US-born, Jerusalem-based lawyer Dr. Susan Weiss founded of the Center for Women’s Justice in 2004 to lead the legal battle for equality, dignity and justice for women under Jewish law in Israel.
Among other issues, the center is currently involved in a high-profile case involving the Israeli chief rabbinate’s revocation of Jewish status from a three-generational Israeli family with roots in the Former Soviet Union.
The brief: When the matriarch came to Israel over 30 years ago, like all immigrants, her Jewish status was checked and confirmed. Likewise, during her own and her two daughters’ subsequent marriages.
But during one of the daughters’ divorce proceedings, her disgruntled husband alleged his wife is actually not Jewish. After a series of court hearings and opaque checks, the rabbinate has since declared the entire family not Jewish — including the children born in Israel to parents married by the rabbinate itself — and nullified all family members’ marriages.
So who you gonna call? The Center for Women’s Justice.
Teaming up with an organization called DOR 1.5 that is made up of young Russian-speaking Israelis, Weiss’s center has recently petitioned the Israeli High Court of Justice over what she labels the rabbinate’s over-reach.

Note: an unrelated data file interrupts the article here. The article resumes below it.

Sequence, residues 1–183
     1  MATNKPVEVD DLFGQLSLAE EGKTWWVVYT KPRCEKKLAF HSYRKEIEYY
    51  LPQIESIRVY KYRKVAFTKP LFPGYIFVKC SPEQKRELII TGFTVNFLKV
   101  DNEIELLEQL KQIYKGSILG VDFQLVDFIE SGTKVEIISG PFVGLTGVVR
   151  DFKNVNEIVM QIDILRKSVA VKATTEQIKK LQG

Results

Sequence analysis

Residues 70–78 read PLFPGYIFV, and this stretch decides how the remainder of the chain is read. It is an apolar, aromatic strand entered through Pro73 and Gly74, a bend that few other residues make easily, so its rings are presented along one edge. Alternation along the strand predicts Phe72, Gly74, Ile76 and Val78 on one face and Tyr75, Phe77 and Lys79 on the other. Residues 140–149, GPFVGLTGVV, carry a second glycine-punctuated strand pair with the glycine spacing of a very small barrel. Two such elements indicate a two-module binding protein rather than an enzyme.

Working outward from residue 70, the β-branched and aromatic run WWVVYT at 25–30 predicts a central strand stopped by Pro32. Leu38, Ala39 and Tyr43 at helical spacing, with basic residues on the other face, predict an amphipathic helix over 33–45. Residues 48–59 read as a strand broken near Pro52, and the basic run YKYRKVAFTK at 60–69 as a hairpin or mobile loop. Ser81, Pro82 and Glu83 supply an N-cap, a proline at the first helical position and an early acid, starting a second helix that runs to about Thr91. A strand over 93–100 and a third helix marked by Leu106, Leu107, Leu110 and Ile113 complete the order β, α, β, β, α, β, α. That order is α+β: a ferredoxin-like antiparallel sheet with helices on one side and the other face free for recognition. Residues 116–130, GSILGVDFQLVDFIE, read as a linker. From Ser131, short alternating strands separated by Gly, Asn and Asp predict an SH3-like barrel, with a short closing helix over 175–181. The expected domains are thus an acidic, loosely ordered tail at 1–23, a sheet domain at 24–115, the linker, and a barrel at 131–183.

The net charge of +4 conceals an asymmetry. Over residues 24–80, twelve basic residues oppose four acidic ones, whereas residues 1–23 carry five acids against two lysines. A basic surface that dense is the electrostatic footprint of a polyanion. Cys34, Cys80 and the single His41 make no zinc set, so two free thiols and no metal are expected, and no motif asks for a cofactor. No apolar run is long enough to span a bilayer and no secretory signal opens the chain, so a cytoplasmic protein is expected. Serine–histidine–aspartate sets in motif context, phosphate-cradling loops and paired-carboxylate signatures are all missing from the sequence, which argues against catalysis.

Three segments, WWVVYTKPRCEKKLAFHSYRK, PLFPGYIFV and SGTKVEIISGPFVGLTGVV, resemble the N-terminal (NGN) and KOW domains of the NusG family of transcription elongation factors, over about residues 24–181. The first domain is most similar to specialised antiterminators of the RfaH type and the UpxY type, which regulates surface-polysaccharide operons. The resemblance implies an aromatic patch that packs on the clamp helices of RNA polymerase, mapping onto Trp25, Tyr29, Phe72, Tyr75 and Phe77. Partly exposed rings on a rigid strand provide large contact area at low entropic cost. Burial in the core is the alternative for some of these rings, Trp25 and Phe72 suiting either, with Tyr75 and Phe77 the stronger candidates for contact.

The Times of Israel asked the rabbinical courts for a comment on this case. It said that “in the past several years, hundreds of cases have been submitted to the High Court of Justice against the rabbinical courts, and among them, only between 0-2 have been accepted and the rest have been rejected.”
The center is aware of its somewhat slim odds but continues to petition its cases in the hopes of overturning what it considers an unjust system born of the “outsourcing” of the State of Israel’s religion into the hands of a few male rabbis with the power and legitimized authority of the country behind them, which has resulted in a “partial theocracy.”
Weiss calls for the “privatization of religion” in Israel — basically, a free market of religious pluralism in which rabbis would compete for clients and thus have an incentive to change, and potentially become more compassionate. “Judaism is being constructed all the time,” she said.
“It’s good for the religion that the state not be in the business of religion,” said Weiss.
Why is CWJ back at the Supreme Court? To right the injustice done not only to one woman and her family, but to anyone…
Take a listen to this week’s podcast to hear more about the Center for Women’s Justice’s work in slowly changing Israel’s relationship to religion and state — from what happens in the synagogue, to what happens in your bedrooms. Spoiler: Weiss is still optimistic.